Our homes contribute to climate change, and failing to act, and act now, is a direct threat to us and our descendants, as a new Canadian report shows. We know this, and if you’re reading this and have doubts, or think that this is someone else’s problem, this article isn’t going to help you. It is up to every one of us to do our part and do it now.
But many might wonder what they can do, as individuals, as homeowners. Sure, getting an electric car helps, but for many, this isn’t practical or financially realistic. With government cutbacks on subsidies and our car-centric planning model, many of us need a car. Or do we?
As they say in real estate, location is everything. One of the first steps a homeowner can take is to consider their location. Choosing to live near good transit and in a community with good walkable or bikeable connections is a great first step. Being able to take your bike to nearby transit, or pick up groceries walking home from work, makes a huge difference. That can make having a car an occasional need, something that can be met with a car sharing system or rentals.
Bigger homes mean higher energy costs
But let’s look at the actions homeowners can take directly with their house. To begin, we have to think about how much space we need in homes. A recent survey found that, compared to eight other countries, including the U.S., the United Kingdom and Australia, Canadians have the third largest homes. What’s more, 42 per cent of Canadians want even larger homes. In fact, average home sizes have doubled in the last 20 years while the average size of our families has shrunk. We need to wonder if we really need all that extra room.
All that space needs to be heated, cooled, needs lights and power. We have two basic sources of energy: natural gas, which most of us use for furnaces, clothes dryers and stoves, and electricity for our lighting and power to run televisions, computers, ranges, air conditioners and everything else. Some homes still rely on heating fuel oil in place of natural gas; some homes rely on a heat pump system (usually geothermal) as a heating or cooling source.
The basics are easy to understand: if we use less energy to heat, cool or operate our home, we need to put in less energy; less input is better for the environment. When I look at my own utility bills, the gas bill is cheap, but is six times the equivalent kWh of electricity. And with at least 70 per cent of our Ontario electricity grid being from carbon neutral sources, moving away from gas is important to de-carbonize our built environment. But electricity is expensive, so how do we use less of all kinds of energy?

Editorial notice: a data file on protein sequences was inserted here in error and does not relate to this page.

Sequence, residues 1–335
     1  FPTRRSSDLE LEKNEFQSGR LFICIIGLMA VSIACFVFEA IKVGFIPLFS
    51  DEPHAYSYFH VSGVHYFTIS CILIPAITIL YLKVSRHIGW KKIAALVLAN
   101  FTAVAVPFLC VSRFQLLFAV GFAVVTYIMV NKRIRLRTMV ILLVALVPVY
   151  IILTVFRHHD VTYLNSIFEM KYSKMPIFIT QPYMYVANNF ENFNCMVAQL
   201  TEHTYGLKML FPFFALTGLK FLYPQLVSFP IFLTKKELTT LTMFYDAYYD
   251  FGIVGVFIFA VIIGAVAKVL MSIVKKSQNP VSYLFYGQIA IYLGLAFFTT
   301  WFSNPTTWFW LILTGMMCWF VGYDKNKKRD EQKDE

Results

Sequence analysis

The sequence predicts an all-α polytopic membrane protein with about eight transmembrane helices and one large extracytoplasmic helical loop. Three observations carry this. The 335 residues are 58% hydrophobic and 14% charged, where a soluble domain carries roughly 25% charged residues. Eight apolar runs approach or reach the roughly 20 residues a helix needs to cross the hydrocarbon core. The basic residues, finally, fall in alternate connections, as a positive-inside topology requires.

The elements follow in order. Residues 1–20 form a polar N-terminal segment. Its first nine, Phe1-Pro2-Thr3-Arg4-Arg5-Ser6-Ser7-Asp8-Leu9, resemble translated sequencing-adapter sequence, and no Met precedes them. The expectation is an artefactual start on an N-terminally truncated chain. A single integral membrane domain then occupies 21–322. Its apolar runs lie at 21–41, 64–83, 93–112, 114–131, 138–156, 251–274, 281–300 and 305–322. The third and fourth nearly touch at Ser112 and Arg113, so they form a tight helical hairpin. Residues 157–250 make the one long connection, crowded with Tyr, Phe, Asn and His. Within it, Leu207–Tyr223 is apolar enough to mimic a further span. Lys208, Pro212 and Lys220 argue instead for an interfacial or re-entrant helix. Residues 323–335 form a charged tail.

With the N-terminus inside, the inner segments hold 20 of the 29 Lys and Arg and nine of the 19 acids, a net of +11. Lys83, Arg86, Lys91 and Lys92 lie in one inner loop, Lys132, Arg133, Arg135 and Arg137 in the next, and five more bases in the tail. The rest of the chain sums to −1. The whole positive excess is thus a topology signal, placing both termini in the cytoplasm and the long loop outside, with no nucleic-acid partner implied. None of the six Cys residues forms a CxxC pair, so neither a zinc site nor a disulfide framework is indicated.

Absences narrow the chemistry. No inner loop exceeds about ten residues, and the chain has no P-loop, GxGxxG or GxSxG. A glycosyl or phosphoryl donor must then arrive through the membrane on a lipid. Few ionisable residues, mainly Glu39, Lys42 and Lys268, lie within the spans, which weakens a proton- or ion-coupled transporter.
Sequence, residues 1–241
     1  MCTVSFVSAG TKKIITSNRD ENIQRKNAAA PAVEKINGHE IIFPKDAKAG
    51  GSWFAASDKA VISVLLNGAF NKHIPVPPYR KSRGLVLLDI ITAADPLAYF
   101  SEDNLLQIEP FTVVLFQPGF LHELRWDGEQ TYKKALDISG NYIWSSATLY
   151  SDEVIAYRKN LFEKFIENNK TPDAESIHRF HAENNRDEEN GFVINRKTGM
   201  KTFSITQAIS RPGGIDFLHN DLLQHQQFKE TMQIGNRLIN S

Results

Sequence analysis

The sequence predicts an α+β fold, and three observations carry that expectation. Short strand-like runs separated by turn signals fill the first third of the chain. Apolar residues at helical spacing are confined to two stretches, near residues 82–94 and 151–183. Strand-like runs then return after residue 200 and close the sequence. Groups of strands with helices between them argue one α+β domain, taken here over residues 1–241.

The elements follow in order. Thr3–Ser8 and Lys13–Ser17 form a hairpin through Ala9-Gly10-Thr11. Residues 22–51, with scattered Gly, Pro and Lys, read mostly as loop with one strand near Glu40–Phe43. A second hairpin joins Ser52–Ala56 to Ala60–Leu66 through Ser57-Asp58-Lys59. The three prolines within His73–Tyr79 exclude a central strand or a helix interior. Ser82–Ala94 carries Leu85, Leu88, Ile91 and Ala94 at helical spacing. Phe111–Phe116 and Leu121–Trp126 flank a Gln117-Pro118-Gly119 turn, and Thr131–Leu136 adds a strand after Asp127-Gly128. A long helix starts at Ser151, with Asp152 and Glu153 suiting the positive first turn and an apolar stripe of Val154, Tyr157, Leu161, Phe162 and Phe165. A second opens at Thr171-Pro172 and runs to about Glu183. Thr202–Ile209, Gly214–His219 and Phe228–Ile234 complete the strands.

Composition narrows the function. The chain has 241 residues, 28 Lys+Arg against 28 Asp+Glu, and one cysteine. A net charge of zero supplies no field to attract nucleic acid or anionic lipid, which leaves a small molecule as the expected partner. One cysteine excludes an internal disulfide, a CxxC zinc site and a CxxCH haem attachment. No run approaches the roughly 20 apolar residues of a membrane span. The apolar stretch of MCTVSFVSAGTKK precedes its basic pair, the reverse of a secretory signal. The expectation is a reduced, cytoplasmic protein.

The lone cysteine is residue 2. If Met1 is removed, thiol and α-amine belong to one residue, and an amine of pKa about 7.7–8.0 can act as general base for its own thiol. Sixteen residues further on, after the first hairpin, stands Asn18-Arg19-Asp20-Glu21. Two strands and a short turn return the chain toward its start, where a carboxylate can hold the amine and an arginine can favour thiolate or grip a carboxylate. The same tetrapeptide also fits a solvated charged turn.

Reducing energy consumption
When we were kids, we might remember our parents yelling, “Close the door, I’m not heating the outdoors!” The energy loss through open doors is obvious. Extra wall and ceiling insulation, good quality windows and properly sealing doors with weather stripping can make the difference between the furnace running constantly or just occasionally.
In the old days, our homes leaked air, so we just pumped in more heat. Partly, that was because energy (oil, firewood, coal) was cheap and seemed limitless. Today, with tighter building envelopes, we need to use energy recovery ventilators and fans to make sure we exhaust stale indoor air and bring in fresh outdoor air while recovering energy. An ERV, and waste heat recovery from sewer drains, can help minimize the feeling that the heat is flying out an open door.
We also have to focus on the three R’s: reduce reuse and recycle. When it comes to our homes, we need to reduce our energy demands, reuse as much of the potential in energy sources as we can, and use recyclable sources where have no other option.
To reduce our energy demand, we need better insulation, windows and weather stripping; we need to replace energy-intensive appliances with more efficient ones. We need to rethink the amount of exposed structure (this is why middle unit townhouses are more energy efficient than end units) and use the energy we do buy more efficiently.
We need to reuse energy to get the most out of it; ERVs and waste drain heat recovery capture the heat before we literally flush it away. We need to integrate renewable sources like geothermal (ground source) heating and cooling and photovoltatic on-site generation (solar panels) to create the energy we do need from renewable sources.
An investment that yields a good return
Your home is your biggest investment. Most people would see the logic in putting on good roof shingles with a long-term warranty. We’re also quick to splurge on upgrades like granite counters and interlock driveways. But we rarely think of the investment needed in the bones of our home’s infrastructure.
Investing 15 per cent more at the start of construction adds just over $50,000 to the selling price of the average home with an increase of about $300 a month in payments. But if that saved you $300 in utility bills, wouldn’t that be worth doing? Suppose utility rates go up five per cent per year every year; after 10 years, without this investment, you’d be paying close to $500 a month, but by making a smart investment today, you save money in the long run.
Thinking carefully about where and how to live can have a profound impact on our finances while taking concrete steps on climate action. Choosing to live near transit, in an energy-efficient, appropriately sized home, while making a smart investment, isn’t just good for the planet, it’s good for our wallets.